NorQuest Weekly Round-Up September 27

dreamstimefree 193757 300x219 NorQuest Weekly Round Up September 27This week has been full of great articles and blog posts, our top four are below:

HBR Blog Network: Ten Reasons People Resist Change
Leadership is about change, but what is a leader to do when faced with ubiquitous resistance? Resistance to change manifests itself in many ways, from foot-dragging and inertia to petty sabotage to outright rebellions. The best tool for leaders of change is to understand the predictable, universal sources of resistance in each situation and then strategize around them.

Fast Company: How To Ask–And Listen–Like You Mean It
Leaders who are helping others to grow and innovate are always trying to craft the best questions to make a difference. Here’s how to ask the questions that will propel your team and your organization forward.
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NorQuest Round-up September 6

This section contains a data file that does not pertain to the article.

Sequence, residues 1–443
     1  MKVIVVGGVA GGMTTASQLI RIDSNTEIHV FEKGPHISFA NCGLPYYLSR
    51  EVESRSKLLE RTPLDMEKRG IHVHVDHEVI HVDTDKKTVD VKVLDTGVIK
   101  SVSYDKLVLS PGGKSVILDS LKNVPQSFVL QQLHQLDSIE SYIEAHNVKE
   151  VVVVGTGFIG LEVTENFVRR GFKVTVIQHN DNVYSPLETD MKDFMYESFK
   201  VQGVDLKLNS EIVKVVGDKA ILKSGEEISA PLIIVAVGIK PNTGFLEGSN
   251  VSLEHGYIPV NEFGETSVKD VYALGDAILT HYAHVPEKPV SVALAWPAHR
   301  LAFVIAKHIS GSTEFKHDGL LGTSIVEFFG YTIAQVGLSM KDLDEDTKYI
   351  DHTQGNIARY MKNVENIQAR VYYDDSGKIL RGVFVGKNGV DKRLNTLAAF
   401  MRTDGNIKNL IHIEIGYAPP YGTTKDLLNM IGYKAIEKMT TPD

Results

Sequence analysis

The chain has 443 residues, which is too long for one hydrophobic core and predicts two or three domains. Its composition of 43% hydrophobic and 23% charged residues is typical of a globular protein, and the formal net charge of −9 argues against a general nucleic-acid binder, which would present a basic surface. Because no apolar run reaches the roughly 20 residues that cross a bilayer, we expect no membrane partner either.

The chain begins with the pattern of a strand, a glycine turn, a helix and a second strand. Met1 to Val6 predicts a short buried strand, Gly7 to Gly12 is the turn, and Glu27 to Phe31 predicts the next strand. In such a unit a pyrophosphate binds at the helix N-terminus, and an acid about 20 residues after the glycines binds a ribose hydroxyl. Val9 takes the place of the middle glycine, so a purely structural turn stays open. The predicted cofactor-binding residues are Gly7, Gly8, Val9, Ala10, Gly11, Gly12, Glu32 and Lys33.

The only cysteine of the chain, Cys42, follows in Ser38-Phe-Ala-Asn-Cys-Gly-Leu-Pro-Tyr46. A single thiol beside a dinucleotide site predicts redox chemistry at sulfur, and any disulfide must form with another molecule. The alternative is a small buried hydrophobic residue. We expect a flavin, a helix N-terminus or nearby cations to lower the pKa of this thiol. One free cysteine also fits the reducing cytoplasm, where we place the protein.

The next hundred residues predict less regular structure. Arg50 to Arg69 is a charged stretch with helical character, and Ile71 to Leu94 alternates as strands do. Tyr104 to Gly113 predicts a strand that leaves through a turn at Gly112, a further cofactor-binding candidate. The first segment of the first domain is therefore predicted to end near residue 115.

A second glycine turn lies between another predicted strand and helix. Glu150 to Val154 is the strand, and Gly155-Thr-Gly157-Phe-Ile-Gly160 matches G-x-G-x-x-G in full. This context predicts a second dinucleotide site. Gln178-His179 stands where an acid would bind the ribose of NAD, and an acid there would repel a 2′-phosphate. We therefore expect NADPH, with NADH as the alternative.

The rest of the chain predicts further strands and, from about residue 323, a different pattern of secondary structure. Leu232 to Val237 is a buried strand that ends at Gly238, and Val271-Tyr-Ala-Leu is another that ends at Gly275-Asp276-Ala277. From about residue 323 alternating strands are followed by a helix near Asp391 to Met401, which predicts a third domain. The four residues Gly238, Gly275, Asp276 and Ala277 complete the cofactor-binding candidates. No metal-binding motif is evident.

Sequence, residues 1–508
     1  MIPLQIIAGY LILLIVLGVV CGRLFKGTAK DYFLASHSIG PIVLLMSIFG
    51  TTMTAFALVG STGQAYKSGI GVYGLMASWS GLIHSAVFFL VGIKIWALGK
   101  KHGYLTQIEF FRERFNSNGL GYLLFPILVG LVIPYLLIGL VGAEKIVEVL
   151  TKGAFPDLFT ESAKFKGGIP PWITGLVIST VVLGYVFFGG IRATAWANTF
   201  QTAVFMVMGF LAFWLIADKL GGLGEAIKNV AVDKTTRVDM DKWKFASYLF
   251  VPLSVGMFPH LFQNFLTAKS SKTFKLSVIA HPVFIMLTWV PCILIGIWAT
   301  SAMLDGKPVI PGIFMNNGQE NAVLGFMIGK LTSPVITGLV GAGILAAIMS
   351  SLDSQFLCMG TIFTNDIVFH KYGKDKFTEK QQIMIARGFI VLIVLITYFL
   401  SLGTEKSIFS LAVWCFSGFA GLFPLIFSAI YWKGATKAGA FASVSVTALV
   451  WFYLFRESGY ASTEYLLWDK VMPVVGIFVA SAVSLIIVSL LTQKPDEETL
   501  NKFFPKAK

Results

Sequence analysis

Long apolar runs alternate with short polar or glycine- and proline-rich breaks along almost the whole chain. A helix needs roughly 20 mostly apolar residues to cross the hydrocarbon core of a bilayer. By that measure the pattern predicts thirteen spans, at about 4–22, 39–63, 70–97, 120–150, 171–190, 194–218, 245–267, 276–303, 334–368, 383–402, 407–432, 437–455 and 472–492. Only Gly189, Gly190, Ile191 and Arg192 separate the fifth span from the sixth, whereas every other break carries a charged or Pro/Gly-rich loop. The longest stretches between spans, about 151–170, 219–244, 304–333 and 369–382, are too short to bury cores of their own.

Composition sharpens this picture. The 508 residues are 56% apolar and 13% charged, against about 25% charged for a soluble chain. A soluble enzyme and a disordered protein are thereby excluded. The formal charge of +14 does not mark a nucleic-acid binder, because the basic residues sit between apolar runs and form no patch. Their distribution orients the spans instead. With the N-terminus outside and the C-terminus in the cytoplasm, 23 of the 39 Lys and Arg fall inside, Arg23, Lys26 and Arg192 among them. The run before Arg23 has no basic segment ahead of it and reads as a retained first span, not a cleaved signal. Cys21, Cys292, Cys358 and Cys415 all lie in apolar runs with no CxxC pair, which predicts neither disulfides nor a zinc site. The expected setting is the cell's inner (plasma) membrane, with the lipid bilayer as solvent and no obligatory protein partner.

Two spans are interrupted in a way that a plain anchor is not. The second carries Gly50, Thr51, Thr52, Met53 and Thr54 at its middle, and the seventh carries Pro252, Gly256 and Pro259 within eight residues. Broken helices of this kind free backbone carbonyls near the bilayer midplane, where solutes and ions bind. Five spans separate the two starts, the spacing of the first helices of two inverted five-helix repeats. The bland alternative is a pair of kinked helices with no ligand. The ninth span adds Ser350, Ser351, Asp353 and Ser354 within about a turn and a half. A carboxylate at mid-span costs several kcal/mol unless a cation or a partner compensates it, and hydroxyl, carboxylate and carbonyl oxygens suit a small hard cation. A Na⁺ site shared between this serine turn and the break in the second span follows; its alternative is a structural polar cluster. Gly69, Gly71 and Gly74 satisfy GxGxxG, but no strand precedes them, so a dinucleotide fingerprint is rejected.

dreamstimefree 2687133 225x300 NorQuest Round up September 6Here our are five favorite leadership and talent development articles from the past week:

Forbes.com: A Simple Way to Get Any Point Across
We loved this article on how to best communicate your message to followers. It was to the point – and a must-read for anyone in a position of authority.

Lead From Within: First Seeing The Good
This was a really good article about how leaders need to see the good in the people they lead, and the effect of their word on followers.
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Procrastination – There Is Always Tomorrow

If you were asked to choose one word to describe disorganization, not getting the work done, lack of achievement, or lack of self-fulfillment – that word would have to be “Procrastination”!